Ford to end Falcon production in Australia


After some 90 years, Ford will stop manufacturing cars in Australia in 2016, closing two plants in the country for good. The move comes on the heels of $581 million in losses over the past three years in Australia, a market where Ford manufacturers a handful of specific vehicles sold only in that country.

Ford of Australia builds a line of rear-wheel drive vehicles which are only sold there, the Falcon, Falcon UTE and Territory SUV. The cars have long been enthusiast candy for those around the world as well as those in Australia. Unfortunately sales of them in Australia are not what they once used to be.

The Falcon and its platform derivatives also use some engines manufactured only in Australia, such as its 4.0 liter inline six which comes in both naturally aspirated and turbocharged versions. Additionally, it is available with their own version of the 5.0 liter Coyote V8.

Ford has increasingly imported more and more of their full product line for sales in Australia, which includes cars made in Asia and Europe. The economics of building a single line of cars there for just that country no longer makes sense.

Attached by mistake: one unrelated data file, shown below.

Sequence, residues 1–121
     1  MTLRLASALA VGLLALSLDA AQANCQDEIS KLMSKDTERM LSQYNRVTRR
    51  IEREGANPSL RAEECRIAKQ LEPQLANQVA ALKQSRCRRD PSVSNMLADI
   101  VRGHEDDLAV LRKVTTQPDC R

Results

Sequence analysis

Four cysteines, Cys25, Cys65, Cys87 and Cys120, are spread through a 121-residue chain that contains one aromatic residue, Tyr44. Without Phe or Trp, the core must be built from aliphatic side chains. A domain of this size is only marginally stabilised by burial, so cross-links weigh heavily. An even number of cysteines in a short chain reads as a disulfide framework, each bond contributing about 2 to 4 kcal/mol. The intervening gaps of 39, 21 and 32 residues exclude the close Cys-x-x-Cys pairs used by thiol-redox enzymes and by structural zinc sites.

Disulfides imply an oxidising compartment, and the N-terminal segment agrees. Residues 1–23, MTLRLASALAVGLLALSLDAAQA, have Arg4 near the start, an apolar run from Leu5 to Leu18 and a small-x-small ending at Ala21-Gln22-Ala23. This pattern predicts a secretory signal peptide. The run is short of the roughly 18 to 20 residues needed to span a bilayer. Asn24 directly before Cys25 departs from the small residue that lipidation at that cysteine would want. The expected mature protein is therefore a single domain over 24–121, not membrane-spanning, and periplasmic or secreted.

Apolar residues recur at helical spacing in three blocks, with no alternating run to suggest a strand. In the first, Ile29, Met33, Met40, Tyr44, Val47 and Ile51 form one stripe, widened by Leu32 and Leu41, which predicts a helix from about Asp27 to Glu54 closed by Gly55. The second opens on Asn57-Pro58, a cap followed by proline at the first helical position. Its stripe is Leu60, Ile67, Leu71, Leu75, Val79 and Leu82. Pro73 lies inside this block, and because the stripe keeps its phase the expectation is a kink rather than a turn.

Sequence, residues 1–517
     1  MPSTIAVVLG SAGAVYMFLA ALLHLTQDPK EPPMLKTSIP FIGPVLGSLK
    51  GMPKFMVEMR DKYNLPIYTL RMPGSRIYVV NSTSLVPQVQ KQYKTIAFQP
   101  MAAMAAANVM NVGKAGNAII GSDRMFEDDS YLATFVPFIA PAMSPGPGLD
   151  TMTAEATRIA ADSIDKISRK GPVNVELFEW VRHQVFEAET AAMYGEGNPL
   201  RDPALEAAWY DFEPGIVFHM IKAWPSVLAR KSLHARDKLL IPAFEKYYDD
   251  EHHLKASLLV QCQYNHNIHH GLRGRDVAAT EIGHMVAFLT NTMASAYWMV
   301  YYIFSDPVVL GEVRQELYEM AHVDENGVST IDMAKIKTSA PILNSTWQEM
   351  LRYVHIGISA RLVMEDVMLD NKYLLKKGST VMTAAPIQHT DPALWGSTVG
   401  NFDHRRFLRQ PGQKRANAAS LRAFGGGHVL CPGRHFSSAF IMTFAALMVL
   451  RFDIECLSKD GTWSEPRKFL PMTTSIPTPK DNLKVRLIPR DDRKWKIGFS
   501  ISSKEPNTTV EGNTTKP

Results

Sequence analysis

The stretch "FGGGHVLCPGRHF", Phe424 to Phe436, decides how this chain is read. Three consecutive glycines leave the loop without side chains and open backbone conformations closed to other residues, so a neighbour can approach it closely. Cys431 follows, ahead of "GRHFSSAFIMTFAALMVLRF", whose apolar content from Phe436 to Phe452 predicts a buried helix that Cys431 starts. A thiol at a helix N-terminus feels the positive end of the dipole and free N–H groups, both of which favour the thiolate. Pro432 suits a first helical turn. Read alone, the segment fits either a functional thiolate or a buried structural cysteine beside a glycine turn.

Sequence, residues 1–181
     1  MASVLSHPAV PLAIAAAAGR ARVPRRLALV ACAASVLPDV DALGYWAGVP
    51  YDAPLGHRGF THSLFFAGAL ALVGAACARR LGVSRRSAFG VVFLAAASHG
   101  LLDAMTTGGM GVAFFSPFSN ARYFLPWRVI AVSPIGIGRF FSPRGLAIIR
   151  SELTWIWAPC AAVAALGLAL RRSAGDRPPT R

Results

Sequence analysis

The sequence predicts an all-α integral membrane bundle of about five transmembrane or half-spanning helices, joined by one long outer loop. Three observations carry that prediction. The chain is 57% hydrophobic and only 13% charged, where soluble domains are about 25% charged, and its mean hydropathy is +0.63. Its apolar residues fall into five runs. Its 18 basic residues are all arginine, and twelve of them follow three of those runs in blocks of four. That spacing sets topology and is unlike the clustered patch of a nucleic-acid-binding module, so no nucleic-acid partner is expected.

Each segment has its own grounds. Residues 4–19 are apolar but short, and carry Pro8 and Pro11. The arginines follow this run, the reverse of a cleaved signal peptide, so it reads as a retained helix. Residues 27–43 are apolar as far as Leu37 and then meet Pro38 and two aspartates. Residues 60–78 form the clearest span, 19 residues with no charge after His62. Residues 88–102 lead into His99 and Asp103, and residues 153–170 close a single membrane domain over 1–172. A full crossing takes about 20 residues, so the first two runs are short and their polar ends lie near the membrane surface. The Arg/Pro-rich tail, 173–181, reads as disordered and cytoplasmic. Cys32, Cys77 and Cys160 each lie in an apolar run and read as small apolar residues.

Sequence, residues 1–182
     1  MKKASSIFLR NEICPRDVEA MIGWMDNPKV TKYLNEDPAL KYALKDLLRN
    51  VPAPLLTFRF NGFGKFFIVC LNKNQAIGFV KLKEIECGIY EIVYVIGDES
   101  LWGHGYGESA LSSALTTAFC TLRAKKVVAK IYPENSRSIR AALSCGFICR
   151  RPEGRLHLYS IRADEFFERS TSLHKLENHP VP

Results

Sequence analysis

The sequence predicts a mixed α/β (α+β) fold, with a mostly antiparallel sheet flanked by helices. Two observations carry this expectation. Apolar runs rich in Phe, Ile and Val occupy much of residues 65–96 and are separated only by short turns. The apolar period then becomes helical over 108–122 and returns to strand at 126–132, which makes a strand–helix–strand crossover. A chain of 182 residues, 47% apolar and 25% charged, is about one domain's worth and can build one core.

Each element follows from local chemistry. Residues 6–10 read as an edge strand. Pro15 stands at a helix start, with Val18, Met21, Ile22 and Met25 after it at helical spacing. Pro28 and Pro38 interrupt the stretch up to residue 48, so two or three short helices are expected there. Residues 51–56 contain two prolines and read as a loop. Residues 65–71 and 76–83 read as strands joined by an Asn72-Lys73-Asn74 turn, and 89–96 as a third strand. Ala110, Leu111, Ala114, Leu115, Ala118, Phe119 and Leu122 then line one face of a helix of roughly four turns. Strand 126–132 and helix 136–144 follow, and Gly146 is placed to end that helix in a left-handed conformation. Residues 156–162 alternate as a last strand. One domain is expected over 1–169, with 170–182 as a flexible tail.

“All of us at Ford remain committed to our long history of serving Australian customers with the very best vehicles that deliver cutting-edge technology at an affordable cost,” said Bob Graziano, president and CEO of Ford Australia, in a statement. “Unfortunately, due to challenging market conditions we are unable to do that longer-term while continuing to manufacture locally.”

According to a report in the Detroit News, Ford said it evaluated “all viable alternatives,” but that “given the fragmented marketplace and the low model volumes that result, we decided that manufacturing locally is no longer viable,” Graziano said.

Ending manufacturing in Australia means likely the end of the Ford Falcon and Falcon Ute that Australians and Americans alike have loved. With the coming launch of the 2015 Mustang which is to have an all new rear-wheel drive platform, this makes it the last such platform in Ford’s stable.

While the Mustang is said to be a world car that will be exported to other markets, this move to end production in Australia means there will be no more Falcon to hope for someday in America. It does however make more of a business case for a sedan spin-off from the new Mustang platform that can be sold globally.


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Sam Haymart

Smoker of fine tires, eater of natural foods, connoisseur of aromatic leathers, and pusher of limits. Editor at and host at TestDriven.TV. Twitter - Facebook - Google+